Estonia needs spokespersons who have a clear voice and a wide view of society from across the cultural sector, to avoid the national mind-space being dominated by economic, pragmatic and political thinking and finding room for spiritual needs, human goals and deeper thought, President Alar Karis said in a speech marking the 101st anniversary of the foundation of the Estonian Artists' Association (EKL), which follows.
Dear, respected Estonian artistic family, congratulations on the EKL's 101st anniversary.
It was but a few years ago that you marked your 75th birthday, and yet now it is the 101st anniversary. How quickly time flies. However, in fact, it is clear that considering yourself the legal successor of the Estonian Association of Visual Artists (EKKKÜ, which existed during the period of the First Estonian Republic-ed.) is the only way to go. It is also very typical of you artists to mark your 101st birthday in a major way – a centennial would have been too unoriginal and ordinary for artists!
If you take a brief look at the initial impulses and activities involving the EKKKÜ, founded on March 14, 1922, one might get the impression that nothing has changed in a hundred years.
After all, the association's task was to bring together Estonian artists, in order to protect their material and spiritual interests and to deepen and spread the culture of the arts, in Estonia. However, this ideal did not last long: Already after a year there was to be a gap in the association, as the chairman offended, and was changed.
These early years were described most wittily by the artist August Jansen (1881-1957), writing in the monthly magazine Olion (published 1930-1936 in Tartu and Tallinn, and 1956-1960 in Sydney, Australia-ed.), in 1932, who said: "If our artists have had some bad instincts, they have developed with the birth of the Cultural Endowment of Estonia (Eesti Kultuurkapital). Things have never been as personal or intolerant as they are now. These instincts also dealt a new blow to the EKKKÜ later on. After seven years of cooperation with the "Palladians" Society of Artists /.../ God forbid their members being members of a Society of Artists. In the meantime, you are looking for ways to create some kind of vague art hub, but the last congress of artists, in Tallinn in the spring of 1929, demonstrated once and for all that artists can produce more with their mouths, than with their deeds. At that infamous congress, where, among other things, a large number of dilettantes and art students were recognized as artists by referendum, a type of 'Collection of Artists' was founded, which was intended to fill the void left by the Society of Artists."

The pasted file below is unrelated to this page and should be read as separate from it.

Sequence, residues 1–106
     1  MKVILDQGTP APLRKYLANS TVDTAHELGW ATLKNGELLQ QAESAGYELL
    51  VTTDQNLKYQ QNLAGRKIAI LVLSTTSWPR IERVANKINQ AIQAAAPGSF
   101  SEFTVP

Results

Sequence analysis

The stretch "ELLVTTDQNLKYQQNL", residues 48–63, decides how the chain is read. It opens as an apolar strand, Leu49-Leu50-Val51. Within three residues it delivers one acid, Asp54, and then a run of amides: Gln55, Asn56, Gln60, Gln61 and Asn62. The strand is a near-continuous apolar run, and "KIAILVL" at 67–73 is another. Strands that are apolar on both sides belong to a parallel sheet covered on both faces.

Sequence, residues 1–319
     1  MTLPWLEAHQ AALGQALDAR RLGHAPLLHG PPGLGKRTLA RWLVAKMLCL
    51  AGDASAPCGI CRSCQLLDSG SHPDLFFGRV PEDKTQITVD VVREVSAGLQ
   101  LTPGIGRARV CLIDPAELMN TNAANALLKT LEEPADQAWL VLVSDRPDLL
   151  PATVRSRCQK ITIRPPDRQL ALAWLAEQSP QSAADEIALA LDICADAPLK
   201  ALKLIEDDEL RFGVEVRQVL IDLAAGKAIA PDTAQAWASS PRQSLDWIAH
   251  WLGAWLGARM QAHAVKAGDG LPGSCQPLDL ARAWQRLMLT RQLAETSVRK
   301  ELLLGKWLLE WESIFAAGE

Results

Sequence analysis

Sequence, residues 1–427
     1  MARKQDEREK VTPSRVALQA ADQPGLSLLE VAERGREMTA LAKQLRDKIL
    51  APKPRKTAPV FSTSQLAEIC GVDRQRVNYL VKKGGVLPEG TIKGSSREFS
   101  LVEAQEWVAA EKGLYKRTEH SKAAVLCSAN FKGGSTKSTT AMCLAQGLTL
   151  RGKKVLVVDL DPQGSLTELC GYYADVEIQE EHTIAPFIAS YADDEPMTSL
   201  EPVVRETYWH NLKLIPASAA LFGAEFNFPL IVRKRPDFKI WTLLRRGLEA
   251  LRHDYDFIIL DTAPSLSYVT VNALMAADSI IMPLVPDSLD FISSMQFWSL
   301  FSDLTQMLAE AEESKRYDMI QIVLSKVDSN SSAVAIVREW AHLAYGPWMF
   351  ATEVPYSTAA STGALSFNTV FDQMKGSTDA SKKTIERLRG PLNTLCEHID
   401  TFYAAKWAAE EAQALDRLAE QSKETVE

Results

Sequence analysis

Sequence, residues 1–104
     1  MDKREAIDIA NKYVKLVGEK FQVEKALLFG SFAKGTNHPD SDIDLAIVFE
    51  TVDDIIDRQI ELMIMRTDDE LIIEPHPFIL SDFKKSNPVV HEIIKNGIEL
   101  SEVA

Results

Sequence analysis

Hopefully, this was the final hurrah, to bring together art people under the one umbrella, because it would be too much if we were to obtain a third general organization for our little art family. It would be better for each and every artist to ask of themselves, whether it is with our nation that the fault and the lack of understanding of a common language lies, or in each individual self; Isn't it up to everyone here to create a more solid organization between mouth, head and heart?"
Yes, the superficial juxtaposition of the past and the present does not bear up in any way. Nowadays, the situation is incomparably better.
We have a cohesive artistic family, with so many unique and unique exciting creators. The new Estonian Academy of Arts (EKA) building has given the whole field a new lease of life and a focal point; there are many active and talented young people there, who want to study art and connect their lives with it, and who EKA grants a great circle of acquaintances to; a network of people, in a closed art guild, for life; our artists are present at major international events and residencies. An ever-wider cooperation between different fields, from visual and applied arts to architecture and the performing arts, can be seen. A great example of cross-sectoral cooperation is definitely this year's Venice Biennale of Architecture.
Furthermore, the artist's salary has become somewhat of a natural phenomenon in our society. There have also been a small number of creators who make a living from their output, plus entrepreneurs who appreciate and support art are quietly added along with private individuals who purchase art.